The edifice on the left shows that you can build a little too close to the edge.

Painted Hand Pueblo


We’ve hundered up the road to Painted Hand pueblo. In the top left under this overhang you can barely see where blue paint has been sprayed (probably by mouth) around someone’s hand. There are fainter prints as you look right. And a very faint large print at bottom center. Did you ever trace your hand or press it into ceramic as a kid?
Tower built on a rock at Painted Hand. Space under the rock was also used.

Cutthroat Castle Group


We’ve parked for the night and hiked out to Cutthroat Castle. This community was not really near a spring. It did have the usual check dams to hold rain water, though.
Double-walled circular structure at Cutthroat Castle. There is some debate over whether there was a defensive purpose for some of the buildings. Were the inhabitants protecting themselves from northern raiding parties?
More of Cutthroat Castle site.
The folks who lived here grew crops, ground corn, wove baskets, fired pots, built multi-story structures using masonry, and constructed solar calendars. Did everyone have these skills, or were there specialists? If there were specialists, did they travel among the different villages sharing their skills?

Lowry Pueblo


The Lowry complex was originally a collection of pit houses. There is evidence of plenty of makeovers, though, before this walled community was completed. The interior of one ancient kiva inside was plastered to a depth of 5″ and painted. Some of the plaster has been preserved. Another kiva was built atop that one, and more were added. (Today’s hunder is in the BLM-managed Canyon of the Ancients National Monument. Everything we saw back at Hovenweep was managed by the National Park Service (except Painted Hand, go figure).)
Here is a large external kiva at Lowry. (It’s really circular.) We have seen brick bases for the roof pillars before, but these are shaped as pueblo winter and summer figures. At Lowry we learned that kivas were not just ceremonial, but were important living spaces as well.

Escalante Pueblo


From Lowry we drove to the Anasazi Heritage Museum. This excavated Escalante pueblo is behind the museum.
More of the Escalante pueblo.

Saddlehorn Pueblo


Our last hunder started at the south end of Sand Canyon. We hiked a nice long trail, seeing some dwellings.
Here is a frontal view of Saddlehorn Pueblo in Sand Canyon.

Corncob House


Under this overhang is Corncob house. Look closely to see the three buildings.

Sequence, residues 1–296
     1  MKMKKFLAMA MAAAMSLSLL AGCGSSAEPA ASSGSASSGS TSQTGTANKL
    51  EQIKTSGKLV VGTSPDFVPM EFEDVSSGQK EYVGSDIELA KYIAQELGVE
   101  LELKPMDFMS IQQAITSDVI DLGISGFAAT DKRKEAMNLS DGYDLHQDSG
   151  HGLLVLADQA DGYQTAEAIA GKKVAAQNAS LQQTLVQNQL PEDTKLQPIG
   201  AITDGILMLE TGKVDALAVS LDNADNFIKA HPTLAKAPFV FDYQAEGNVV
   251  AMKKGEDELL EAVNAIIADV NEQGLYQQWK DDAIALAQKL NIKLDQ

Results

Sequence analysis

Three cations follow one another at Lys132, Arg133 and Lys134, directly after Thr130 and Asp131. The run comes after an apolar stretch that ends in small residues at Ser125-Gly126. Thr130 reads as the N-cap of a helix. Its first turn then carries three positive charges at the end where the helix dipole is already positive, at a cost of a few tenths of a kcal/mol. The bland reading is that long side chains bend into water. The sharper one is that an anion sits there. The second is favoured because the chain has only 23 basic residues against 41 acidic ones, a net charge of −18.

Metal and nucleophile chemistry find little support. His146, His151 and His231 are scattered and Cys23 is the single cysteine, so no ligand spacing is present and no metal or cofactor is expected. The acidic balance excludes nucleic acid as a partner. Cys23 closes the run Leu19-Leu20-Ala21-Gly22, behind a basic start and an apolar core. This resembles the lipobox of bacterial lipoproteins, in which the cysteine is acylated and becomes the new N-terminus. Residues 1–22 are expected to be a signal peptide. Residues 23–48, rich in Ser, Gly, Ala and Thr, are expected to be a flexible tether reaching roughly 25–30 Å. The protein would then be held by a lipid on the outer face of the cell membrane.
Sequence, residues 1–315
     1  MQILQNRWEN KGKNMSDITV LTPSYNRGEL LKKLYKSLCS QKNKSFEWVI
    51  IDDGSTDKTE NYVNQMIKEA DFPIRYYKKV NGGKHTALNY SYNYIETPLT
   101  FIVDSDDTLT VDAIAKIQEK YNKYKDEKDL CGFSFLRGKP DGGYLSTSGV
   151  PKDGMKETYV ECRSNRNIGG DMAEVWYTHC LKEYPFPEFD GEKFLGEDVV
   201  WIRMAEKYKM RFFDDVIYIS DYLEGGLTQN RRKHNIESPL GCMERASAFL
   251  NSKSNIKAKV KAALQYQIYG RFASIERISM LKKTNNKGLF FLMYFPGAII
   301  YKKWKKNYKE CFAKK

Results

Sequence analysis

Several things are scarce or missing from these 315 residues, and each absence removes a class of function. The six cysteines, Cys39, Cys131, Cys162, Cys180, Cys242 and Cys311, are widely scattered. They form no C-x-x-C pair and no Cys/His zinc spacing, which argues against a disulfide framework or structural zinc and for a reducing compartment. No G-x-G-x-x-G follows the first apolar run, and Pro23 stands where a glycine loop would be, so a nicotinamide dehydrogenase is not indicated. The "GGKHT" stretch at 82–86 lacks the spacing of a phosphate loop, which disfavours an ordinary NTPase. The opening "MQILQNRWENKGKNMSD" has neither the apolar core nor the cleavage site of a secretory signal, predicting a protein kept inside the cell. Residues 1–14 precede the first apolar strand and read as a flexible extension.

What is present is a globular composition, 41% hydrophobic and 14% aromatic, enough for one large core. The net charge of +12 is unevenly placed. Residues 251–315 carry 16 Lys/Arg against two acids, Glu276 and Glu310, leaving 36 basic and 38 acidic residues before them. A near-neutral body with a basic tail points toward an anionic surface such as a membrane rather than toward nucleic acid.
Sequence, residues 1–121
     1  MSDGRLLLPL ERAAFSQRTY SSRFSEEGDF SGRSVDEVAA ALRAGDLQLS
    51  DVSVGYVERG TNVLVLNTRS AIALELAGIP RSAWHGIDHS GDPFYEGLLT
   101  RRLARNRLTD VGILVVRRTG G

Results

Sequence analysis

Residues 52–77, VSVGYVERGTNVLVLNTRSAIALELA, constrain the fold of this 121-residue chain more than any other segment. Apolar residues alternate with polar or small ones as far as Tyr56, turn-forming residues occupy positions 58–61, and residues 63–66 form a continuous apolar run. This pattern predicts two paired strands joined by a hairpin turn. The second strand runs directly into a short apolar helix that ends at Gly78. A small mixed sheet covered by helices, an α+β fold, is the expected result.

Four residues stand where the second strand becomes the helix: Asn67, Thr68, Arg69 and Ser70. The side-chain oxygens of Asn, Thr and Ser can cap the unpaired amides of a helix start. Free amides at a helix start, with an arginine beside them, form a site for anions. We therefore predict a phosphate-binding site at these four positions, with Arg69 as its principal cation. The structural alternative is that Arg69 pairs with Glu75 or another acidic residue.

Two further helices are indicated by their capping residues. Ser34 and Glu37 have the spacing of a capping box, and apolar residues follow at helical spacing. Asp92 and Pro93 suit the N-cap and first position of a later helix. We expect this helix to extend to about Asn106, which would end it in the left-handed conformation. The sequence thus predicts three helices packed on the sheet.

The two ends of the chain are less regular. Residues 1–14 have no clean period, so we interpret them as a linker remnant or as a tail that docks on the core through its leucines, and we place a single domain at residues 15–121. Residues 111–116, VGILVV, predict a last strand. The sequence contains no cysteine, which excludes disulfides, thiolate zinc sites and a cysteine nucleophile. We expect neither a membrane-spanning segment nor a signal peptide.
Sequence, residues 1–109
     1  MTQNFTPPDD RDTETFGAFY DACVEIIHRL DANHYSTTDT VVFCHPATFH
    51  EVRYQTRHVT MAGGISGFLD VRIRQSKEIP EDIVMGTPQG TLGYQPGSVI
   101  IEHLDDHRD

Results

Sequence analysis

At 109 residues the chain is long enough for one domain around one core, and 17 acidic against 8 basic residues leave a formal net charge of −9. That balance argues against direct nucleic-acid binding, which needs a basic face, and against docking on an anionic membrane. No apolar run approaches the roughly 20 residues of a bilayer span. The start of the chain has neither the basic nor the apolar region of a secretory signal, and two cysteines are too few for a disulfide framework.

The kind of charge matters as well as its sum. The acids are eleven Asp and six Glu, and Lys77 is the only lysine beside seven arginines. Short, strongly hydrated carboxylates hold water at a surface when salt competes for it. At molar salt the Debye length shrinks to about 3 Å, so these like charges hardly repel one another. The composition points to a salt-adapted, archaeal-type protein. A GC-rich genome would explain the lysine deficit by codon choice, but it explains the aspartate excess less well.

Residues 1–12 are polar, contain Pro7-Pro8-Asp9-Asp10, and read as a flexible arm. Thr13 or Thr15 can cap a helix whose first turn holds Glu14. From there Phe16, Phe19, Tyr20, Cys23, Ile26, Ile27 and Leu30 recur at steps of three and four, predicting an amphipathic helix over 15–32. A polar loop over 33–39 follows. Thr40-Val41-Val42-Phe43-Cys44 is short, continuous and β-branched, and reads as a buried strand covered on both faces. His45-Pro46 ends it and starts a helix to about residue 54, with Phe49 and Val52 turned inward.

Double Cliff House


In the center are the two levels of Double Cliff House. The native peoples in the area eventually gave up this way of life. There is speculation that their exodus was caused by drought and shortages. (I suspect a lack of firewoood may have been a big factor. Much was needed to sustain the population, and trees grow slowly in the desert.)
Here is another view of Double Cliff House. You can see both levels. There is a concentration of pueblo buildings further up the trail, but it’s time for us to turn around.

Anasazi Heritage Museum


A set of artifacts at the Anasazi Heritage Museum in the Canyon of the Ancients. This section of rock floor was lifted up as-is. This pueblo caught fire, and the burned surfaces preserved these relics. There are two baskets, a pot, some potshards, and ears and kernels of corn.
Reconstruction of a pueblo interior with baskets, pots, and fireplace. Behind the column is a metate used for grinding corn.
Pueblo pottery samples.

8 thoughts on “The Ancients

  1. Wow…them’s a lot of rocks! Seriously though, those ruins are pretty darn cool! We’re talking about someday getting a land yacht to do some exploring, and I’ll have to remember to come back to your blog for suggestions once that time comes! Hope to see you in Indiantown!

    1. Hope I get a chance to see you and Jim too! Safe travels across the Gulf Stream! There is such so much stuff to see in the world and especially in the Western US. We are really enjoying our Land Yacht!

  2. I can’t thank you both enough….I’ve learned more about US and Mexico from reading and SEEING your blogs….it’s simply amazing and you explain things so clearly. We may envy your travels, but we really appreciate your sharing so much with us “home bodies”. Keep going and keep posting blogs. I’m sure there are many like us that rarely comment, but we look forward to each and every post! Miss you guys!

    1. Thank you for following along! We love comments, but it is enough knowing that people keep clicking on the links and reading the posts. Miss you guys too!

    1. What Bob wants is a cowboy hat. He doesn’t get sunburned, but his fur is a little dry and peely – he could probably use some moisturizer.

    1. Thanks! I’m sure they were very organized and efficient. Otherwise, I can’t imagine how you would build a tower on the side of a precariously balanced rock.